The Chronicles of Gnar-nia: Day 1
We ratcheted our shoes, cinched our helmet straps, and snapped every buckle, then pedaled over to Tim’s for coffee. I met Rod Elias from Morden out front and he asked where we’re headed today. I tell him and he shakes his head. Is anyone really surprised anymore what Craig and I are up to? We hit the road at 7:00a.m.
We headed south of Morden first. There’s no shortage of things to talk about right out of the gate. We haven’t seen each other in a week so we get caught up on each other’s life, practically cutting each other off mid-sentence. We’re giddy about the journey because we’re doing what we know how to do best – pedal. The weather is absolutely beautiful. No wind, no clouds, just the haze from the fires in Saskatchewan after they decided to burn down their province following a Rider loss to the Bombers in the season opener.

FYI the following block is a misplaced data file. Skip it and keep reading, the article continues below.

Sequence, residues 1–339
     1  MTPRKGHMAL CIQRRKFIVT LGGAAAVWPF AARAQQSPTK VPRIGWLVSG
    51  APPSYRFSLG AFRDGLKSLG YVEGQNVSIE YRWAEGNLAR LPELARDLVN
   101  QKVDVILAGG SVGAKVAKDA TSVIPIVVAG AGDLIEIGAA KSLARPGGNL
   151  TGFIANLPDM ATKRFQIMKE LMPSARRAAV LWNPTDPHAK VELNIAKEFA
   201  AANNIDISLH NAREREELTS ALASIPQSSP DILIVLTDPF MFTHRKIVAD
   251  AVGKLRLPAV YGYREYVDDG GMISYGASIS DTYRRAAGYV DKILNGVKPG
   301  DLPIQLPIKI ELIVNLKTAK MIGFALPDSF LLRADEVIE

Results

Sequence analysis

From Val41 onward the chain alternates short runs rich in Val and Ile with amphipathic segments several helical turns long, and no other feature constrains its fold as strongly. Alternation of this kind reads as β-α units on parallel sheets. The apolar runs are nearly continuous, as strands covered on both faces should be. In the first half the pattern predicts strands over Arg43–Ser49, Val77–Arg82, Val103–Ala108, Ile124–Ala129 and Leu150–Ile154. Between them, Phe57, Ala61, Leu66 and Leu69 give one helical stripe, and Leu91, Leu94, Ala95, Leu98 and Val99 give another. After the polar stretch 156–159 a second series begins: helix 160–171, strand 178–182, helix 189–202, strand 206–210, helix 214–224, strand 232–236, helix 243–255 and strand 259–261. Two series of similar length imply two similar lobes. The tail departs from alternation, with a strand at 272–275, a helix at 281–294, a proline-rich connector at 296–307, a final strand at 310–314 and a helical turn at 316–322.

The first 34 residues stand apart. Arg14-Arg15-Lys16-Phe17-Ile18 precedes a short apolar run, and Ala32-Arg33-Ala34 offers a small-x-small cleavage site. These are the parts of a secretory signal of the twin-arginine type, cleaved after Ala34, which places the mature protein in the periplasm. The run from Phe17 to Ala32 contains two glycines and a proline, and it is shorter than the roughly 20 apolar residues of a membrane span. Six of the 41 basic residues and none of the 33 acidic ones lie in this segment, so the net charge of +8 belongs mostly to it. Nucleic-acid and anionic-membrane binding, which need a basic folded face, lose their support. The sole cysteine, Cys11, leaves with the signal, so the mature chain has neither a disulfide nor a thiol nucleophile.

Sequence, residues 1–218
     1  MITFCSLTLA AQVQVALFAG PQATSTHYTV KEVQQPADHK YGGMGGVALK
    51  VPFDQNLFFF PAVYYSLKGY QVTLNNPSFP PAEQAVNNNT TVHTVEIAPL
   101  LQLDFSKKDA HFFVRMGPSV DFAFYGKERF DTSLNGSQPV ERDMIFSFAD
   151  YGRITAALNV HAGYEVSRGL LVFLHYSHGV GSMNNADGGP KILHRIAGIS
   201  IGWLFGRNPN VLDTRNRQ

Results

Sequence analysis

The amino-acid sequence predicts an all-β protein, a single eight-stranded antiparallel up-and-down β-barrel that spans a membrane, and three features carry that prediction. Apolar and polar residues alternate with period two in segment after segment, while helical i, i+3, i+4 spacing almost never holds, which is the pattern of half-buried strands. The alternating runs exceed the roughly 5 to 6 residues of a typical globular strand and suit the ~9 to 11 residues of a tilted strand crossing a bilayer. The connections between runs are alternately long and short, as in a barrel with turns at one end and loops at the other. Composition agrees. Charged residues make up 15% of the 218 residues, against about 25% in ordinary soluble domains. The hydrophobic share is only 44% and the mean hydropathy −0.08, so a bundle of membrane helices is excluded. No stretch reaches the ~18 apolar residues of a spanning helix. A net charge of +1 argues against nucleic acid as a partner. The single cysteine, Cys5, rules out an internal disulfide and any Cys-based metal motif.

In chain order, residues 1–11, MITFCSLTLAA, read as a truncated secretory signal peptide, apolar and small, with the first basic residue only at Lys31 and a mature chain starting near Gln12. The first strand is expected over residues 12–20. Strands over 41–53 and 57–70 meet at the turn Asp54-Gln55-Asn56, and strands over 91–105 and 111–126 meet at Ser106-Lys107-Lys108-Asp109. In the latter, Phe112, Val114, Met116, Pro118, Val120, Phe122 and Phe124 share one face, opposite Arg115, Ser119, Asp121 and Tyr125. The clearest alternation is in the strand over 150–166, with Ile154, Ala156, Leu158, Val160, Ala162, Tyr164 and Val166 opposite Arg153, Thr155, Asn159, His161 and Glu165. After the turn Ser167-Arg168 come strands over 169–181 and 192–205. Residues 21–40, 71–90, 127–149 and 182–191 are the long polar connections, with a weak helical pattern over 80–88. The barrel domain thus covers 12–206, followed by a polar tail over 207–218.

After putting our phones away, we descended into the valley at a comfortable 66 kilometers per hour. At that speed a weighted down cross-country bike feels like a Cadillac.
Climbing out of the valley wasn’t nearly as tough as we thought it would be with the extra baggage.
You’d think the parking lot would be full of cars that brought hikers and picnickers to the park on a gorgeous Canada Day morning, but it was empty. So I took advantage of the vacant lot to hit some dingers over the evergreens in right centre field.
I need to take a moment now and go back to 5:30 a.m. When I woke up, my wife was very much awake and staring at me. She says, “I’ve been awake for two hours.” Why?!! “Because you don’t realize it’s Canada Day and nothing will be open. At least take some pickles and a can of beans along just in case”. I said I would, but I didn’t because I was already packed and thought surely at least coffee shops would be open.